How to Use the codedoc Utility

Version 3.0

by Michael R Sweet

Copyright © 2003-2019 by Michael R Sweet

Introduction

Codedoc is a general-purpose utility which scans C and C++ source files to produce an XML file representing the functions, types, and definitions in those source files, as well as EPUB, HTML, and man page documentation that can be read by humans. Unlike popular documentation generators like Doxygen or Javadoc, Codedoc uses in-line comments rather than comment headers, allowing for more "natural" code documentation. Additional markdown documentation content can be included to make the generated documentation even more useful and complete.

Codedoc is licensed under the Apache License Version 2.0 with an exception to allow linking against GPL2/LGPL2-only software. See the files "LICENSE" and "NOTICE" in the source code archive or Git repository for more information.

History

Codedoc was originally part of the Mini-XML project (as "codedoc") and was developed specifically to generate the API documentation for Mini-XML and CUPS.

Running Codedoc

Codedoc produces HTML documentation by default. For example, the following command will scan all of the C source and header files in the current directory and produce a HTML documentation file called "documentation.html":

codedoc *.h *.c >documentation.html

You can also specify an XML file to create which contains all of the information from the source files. For example, the following command creates an XML file called "documentation.xml" in addition to the HTML file:

codedoc documentation.xml *.h *.c >documentation.html

The --no-output option disables the default HTML output:

codedoc --no-output documentation.xml *.h *.c

You can then run codedoc again with the XML file alone to generate the HTML documentation:

codedoc documentation.xml >documentation.html

Creating Man Pages

The --man name option tells codedoc to create a man page instead of HTML documentation, for example:

codedoc --man libexample *.h *.c >libexample.3
codedoc --man libexample documentation.xml *.h *.c >libexample.3
codedoc --man libexample documentation.xml >libexample.3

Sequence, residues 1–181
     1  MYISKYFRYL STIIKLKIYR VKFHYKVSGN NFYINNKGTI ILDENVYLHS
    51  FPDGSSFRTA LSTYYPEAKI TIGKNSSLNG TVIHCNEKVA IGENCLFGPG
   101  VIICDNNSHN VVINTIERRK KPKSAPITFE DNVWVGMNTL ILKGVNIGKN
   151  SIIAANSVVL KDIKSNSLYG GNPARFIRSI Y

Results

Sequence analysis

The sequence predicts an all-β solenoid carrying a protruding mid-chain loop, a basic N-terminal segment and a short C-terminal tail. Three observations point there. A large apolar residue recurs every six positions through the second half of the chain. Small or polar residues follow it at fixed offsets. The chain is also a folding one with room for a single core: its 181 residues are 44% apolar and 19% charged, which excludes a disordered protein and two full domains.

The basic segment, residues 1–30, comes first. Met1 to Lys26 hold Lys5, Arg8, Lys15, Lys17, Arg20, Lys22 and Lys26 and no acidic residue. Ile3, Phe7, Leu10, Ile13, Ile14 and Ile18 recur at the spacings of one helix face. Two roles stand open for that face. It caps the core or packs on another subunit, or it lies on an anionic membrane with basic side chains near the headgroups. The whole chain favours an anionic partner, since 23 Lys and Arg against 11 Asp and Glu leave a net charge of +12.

Creating EPUB Books

The --epub filename.epub option tells codedoc to create an EPUB book containing the HTML documentation, for example:

codedoc --epub documentation.epub *.h *.c
codedoc --epub documentation.epub documentation.xml *.h *.c
codedoc --epub documentation.epub documentation.xml

Adding Content and Metadata

Codedoc supports several options for adding content and metadata to the generated documentation:

Annotating Your Code

Codedoc looks for in-line comments to describe the functions, types, and constants in your code. Codedoc documents all public names it finds in your source files - any names starting with the underscore character (_) or names that are documented with the @private@ directive are treated as private and are not documented.

Comments appearing directly before a function or type definition are used to document that function or type. Comments appearing after argument, definition, return type, or variable declarations are used to document that argument, definition, return type, or variable. For example, the following code excerpt defines a key/value structure and a function that creates a new instance of that structure:

/* A key/value pair. This is used with the
   dictionary structure. */

struct keyval
{
  char *key; /* Key string */
  char *val; /* Value string */
};

/* Create a new key/value pair. */

struct keyval * /* New key/value pair */
new_keyval(
    const char *key, /* Key string */
    const char *val) /* Value string */
{
  ...
}

Codedoc also knows to remove extra asterisks (*) from the comment string, so the comment string:

/*
 * Compute the value of PI.
 *
 * The function connects to an Internet server that streams audio of
 * mathematical monks chanting the first 100 digits of PI.
 */

will be shown as:

Compute the value of PI.

The function connects to an Internet server that streams audio of mathematical monks chanting the first 100 digits of PI.

@ Directives in Comments

Comments can also include the following special @name ...@ directive strings: